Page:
British painter Jenny Saville has long established herself as a cornerstone of contemporary art. Her portraiture earns comparisons to celebrities as distinct in time, style and circumstance as Peter Paul Rubens, Francis Bacon and Marlene Dumas. With her focus on fleshy female forms and a fan base among feminist theorists and art royalty alike, she might be the most important female artist in the Western world.
Despite the importance of her work, Saville’s first solo exhibition in the United Kingdom was just last year; her success seems to come in swaths. Saville was born in Cambridge, England, in 1970. Her early artistic influences include her childhood piano teacher and Pablo Picasso (she likes how he depicts subjects as real and substantial and there rather than fleeting). She studied at Scotland’s Glasgow School of Art from 1988 to 1992. In 1990, she exhibited at the Royal College of Art Contemporary. She later attended the University of Cincinnati, where she recalls seeing “big women and big white bodies in shorts and T-shirts” (Widewalls, “Jenny Saville,” 01.09.2017). These themes would later make themselves known in her paintings.
Today, art collector Charles Saatchi is a figure steeped in controversy, but he was integral in pushing Saville into prominence. In 1985, Saatchi, then co-owner of the largest advertising company in the world, opened the Saatchi Gallery in London. He was famous for collecting millions of dollars worth of contemporary painting and sculpture, and throughout the 1990s he exhibited many of the works of the Young British Artists, or YBAs—a cohort that boasted Damien Hirst, Sarah Lucas and, later, Saville among its ranks. YBA works are not uniform in the least, but generally diverse, even shocking, in their approach to material and subject matter: Hirst famously preserved a tiger shark in formaldehyde in a huge glass display case, while Lucas has demonstrated a fascination for breasts and found objects like stockings and cigarettes.
Saville’s first big break came in her early postgraduate years, when Saatchi offered her an 18-month contract to work at his London gallery. Her work was shown in “Young British Artists III” in 1994 and “Sensation” at the Royal Academy of Art in 1997, both organized by the art mogul, catalyzing a rapid rise to success. She told the Guardian in 2005, “What he did for me was amazing. I didn’t have lots of money. I make big paintings; I couldn’t afford to invest the time or money…Charles was like, ‘Whatever you want, whatever is your dream, do it.’ Things I’d wanted to do for ages, I could do. And it made me a bigger artist” (The Guardian, “Under the Skin,” 10.21.2005). In 1994, her triptych “Strategy (South Face/front Face/North Face)” was featured on the Manic Street Preachers’ album “The Holy Bible,” which earned as much critical acclaim for Saville as it did for the band.
Earlier this month in a London salesroom for Sotheby’s—the world’s largest art business— her 1992 oil painting “Propped” sold for £9.5 million, or $12.4 million, against an estimate of £4 million. This not only broke Saville’s personal record for auctioned works, but also marked the highest price ever paid for a female artist’s piece. The nude self-portrait first garnered attention over a decade ago as part of Saatchi’s “Sensation” exhibition. It is quintessential Saville: A large naked woman sits on a chair, toes pointed (she wears flats), fingers swollen and clutching her lap, chin up, looking down at the viewer in ecstasy, disinterest, pain or something in between. Written across the surface is a quote from the French feminist critic Luce Irigaray. It is chilling, with a fleshly liquid quality only her brushstrokes could create. I welcome another Saville craze. One of my favorite things about her work is its power to unsettle. Her drawing skill is undeniable, only emphasized by the shapeliness of her figures and her crisp, wavey, multidimensional shading. Even though her art is pictorial, it is biting; she comments on beauty standards, playing with widespread cultural discomfort surrounding female sexuality and fatness. Her subjects may seem shameless at first in the full nude, with their proximity to the viewer, their legs splayed and faces contorted. Simultaneously, the viewer can tell they are insecure and anxious. As most of her early works are self-portraits, paintings like “Propped” reflect her concerns about her own body.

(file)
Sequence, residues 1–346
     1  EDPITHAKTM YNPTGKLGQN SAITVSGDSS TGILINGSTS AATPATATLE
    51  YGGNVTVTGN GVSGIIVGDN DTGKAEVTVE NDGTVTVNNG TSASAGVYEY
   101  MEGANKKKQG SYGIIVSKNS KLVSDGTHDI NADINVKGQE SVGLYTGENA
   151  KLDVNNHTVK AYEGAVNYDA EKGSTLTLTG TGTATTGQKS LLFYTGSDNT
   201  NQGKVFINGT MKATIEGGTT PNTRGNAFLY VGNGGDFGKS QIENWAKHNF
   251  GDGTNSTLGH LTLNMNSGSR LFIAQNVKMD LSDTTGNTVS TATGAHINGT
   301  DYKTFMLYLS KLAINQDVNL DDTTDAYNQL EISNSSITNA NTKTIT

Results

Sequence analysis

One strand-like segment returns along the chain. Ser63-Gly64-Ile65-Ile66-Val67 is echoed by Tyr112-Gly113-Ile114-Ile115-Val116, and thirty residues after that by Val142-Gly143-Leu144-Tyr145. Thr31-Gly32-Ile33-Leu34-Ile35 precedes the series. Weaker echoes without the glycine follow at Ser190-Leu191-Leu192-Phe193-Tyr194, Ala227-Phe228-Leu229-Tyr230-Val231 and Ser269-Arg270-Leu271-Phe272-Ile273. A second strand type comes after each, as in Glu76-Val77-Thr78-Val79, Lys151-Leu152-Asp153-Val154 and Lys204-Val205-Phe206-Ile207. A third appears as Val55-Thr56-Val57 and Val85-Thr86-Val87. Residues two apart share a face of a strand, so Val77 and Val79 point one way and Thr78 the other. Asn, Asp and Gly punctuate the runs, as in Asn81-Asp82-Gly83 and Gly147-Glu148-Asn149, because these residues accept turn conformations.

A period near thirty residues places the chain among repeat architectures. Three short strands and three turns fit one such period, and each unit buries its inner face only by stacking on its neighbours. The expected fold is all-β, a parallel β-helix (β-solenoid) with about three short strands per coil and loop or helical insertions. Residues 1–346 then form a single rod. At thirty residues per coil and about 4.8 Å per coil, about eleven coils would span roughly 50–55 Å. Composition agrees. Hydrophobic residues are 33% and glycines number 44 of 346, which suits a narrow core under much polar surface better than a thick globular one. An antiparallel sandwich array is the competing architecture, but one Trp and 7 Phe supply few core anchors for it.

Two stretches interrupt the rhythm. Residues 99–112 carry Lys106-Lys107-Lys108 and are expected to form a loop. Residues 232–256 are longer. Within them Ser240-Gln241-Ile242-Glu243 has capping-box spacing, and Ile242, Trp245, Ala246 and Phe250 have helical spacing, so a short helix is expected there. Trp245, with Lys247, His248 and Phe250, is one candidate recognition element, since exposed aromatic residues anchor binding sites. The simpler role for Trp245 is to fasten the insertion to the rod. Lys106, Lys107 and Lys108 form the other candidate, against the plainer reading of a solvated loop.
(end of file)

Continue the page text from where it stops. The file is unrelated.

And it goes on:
“A large female body has a power; it occupies a physical space, yet there’s an anxiety about it. It has to be hidden,” she explained to the Guardian, citing the contradictory reactions her nude portraits can provoke—both the material comfort of “being in a mother’s arm” and “the anxiety that comes from living with flesh” (The Guardian, “Under the Skin,” 10.21.2005). Yes, her art is carnal in keeping with Western tradition, and her subjects command attention like those in Picasso’s portraiture, but Saville can stir great emotion—pain, contentment from freedom—and capture beauty and movement in a way unparalleled by artists of old. Her definition of art? “The ability to have freedom” (The Huffington Post, “Interview With Jenny Saville,” 06.08.2016).